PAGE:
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    5 reasons why Tampere, Finland, rules in university-company collaboration

    1. Demola

    Let's just start with our very own crown jewel, Demola, where multidisciplinary student groups solve problems pitched by companies. It's so simple and beautiful there's no need to explaine it further. See one of the most perfect example of Demola's work, the google glasses in parking enforcement.

    New Factory Demola Tampere
    Demola team taking on the challenge. (Pic: Jukka Salminen)

    2. Companies can affect the courses

    Tampere University of Technology does not only produce trainees and thesis writers for businesses. At TUT, the companies can actually have their say on the curriculum and the contents of courses. This is a perfect win-win way to ensure our companies have the best possible workforce in the future and our students receive the most relevant and practical education.

    3. The smalls and mediums are not forgotten

    At the University of Tampere and the Tampere University of Technology SME's can have their product development, market entry related or new technology issues solved at Industry Puzzles Friday. No matter how great the product is, there might come a time when a good old pair of outsider eyes on a perfectly ordinary Friday can make a world of difference.

    4. Campus Club

    Our brand-new bright and joy, Kampusareena, smacked at the heart of Tampere University of Technology campus, is home to the Campus Club (Kampusklubi®) made up of pioneering R&D companies. It provides cost- and risk-efficiency on a platform that enables building long-term partnerships, launching a small-term project or joining a consortium to carry out a more extensive project.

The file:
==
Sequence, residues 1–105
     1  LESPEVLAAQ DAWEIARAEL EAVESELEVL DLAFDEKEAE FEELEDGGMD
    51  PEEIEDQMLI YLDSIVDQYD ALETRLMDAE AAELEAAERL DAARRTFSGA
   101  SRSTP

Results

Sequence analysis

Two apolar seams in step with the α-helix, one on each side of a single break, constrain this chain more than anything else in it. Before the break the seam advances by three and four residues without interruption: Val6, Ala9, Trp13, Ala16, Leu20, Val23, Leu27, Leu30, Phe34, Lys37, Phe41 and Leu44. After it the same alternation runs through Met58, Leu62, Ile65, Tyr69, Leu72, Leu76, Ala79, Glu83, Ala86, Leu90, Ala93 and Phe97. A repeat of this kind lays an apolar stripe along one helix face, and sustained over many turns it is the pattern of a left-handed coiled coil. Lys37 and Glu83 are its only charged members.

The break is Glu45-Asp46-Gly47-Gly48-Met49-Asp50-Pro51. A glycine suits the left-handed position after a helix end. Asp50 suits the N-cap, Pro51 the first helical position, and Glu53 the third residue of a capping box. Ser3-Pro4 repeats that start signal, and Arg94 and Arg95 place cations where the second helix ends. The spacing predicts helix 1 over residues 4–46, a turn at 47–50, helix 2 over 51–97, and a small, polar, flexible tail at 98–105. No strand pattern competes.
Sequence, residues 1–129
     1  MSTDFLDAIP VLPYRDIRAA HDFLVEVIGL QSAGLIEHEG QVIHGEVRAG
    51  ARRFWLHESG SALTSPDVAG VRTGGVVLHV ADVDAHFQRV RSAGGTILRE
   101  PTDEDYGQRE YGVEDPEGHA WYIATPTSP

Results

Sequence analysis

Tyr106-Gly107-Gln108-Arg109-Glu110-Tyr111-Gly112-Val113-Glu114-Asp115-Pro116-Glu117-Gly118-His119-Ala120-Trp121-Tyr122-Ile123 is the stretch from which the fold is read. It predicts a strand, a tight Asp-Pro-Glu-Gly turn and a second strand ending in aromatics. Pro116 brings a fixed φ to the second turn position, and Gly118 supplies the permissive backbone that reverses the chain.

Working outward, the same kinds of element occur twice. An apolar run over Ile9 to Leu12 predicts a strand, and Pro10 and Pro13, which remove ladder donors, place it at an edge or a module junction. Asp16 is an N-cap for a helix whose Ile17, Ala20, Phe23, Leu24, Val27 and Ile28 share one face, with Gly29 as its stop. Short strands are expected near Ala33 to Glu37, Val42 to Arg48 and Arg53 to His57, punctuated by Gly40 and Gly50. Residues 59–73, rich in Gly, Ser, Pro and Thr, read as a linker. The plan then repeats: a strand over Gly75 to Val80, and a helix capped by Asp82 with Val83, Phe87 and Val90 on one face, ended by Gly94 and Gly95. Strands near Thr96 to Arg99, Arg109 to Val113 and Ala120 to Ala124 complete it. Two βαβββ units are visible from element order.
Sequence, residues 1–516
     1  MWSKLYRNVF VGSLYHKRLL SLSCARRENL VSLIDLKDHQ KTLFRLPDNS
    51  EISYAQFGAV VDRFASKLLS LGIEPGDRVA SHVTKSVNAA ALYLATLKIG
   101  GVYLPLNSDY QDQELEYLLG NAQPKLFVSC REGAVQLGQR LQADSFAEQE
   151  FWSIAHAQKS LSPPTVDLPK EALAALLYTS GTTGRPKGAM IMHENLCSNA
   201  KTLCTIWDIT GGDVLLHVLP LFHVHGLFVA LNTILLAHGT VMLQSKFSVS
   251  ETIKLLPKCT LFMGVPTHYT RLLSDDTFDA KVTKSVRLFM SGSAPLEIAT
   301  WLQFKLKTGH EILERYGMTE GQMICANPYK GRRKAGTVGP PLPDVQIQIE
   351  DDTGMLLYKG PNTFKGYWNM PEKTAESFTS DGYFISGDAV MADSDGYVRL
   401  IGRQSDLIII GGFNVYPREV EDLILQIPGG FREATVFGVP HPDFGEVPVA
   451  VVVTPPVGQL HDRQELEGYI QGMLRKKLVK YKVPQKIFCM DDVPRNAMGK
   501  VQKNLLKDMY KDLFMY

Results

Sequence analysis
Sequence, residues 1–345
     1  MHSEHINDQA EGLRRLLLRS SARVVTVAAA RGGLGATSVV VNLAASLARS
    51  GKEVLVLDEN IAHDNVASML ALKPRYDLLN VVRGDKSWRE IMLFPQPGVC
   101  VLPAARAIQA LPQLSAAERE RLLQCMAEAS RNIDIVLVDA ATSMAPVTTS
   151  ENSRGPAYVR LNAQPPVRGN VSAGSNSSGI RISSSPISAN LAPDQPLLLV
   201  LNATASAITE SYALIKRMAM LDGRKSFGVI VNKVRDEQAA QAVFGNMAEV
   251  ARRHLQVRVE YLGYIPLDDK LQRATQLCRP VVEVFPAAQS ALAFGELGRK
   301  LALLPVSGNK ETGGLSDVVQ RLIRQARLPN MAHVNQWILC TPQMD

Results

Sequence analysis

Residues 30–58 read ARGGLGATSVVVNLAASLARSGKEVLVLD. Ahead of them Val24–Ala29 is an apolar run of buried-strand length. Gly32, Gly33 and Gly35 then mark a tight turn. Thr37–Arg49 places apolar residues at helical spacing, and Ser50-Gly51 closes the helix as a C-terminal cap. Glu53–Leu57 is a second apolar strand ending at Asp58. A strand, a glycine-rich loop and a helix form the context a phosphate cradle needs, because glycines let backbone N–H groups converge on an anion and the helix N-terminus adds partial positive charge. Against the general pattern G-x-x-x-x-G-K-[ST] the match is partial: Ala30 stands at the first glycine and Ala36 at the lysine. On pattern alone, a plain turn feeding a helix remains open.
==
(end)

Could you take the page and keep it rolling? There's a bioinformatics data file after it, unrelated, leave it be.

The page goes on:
Kampusareena Tampere University of Technology)
    Kampusareena (Pic: Tampere University of Technology)

    5. Roads of the future

    Now this topic may only occupy a tiny niche for now, but it concerns a field of science that will affect us all. All, I tell you! Finland is one of the very few countries in the world that allows robotic cars drive themselves on public roads without a backup driver. There's one going around the Tampere University of Technology campus as we speak.

    Robobus Robot Bus Tampere Sohjoa
    German automotive journalist Fritz Lorek was delighted to see the robot bus in Tampere University of Technology campus. (Pic: Pirkko Laitinen)

    More information about the innovation ecosystem in Tampere:

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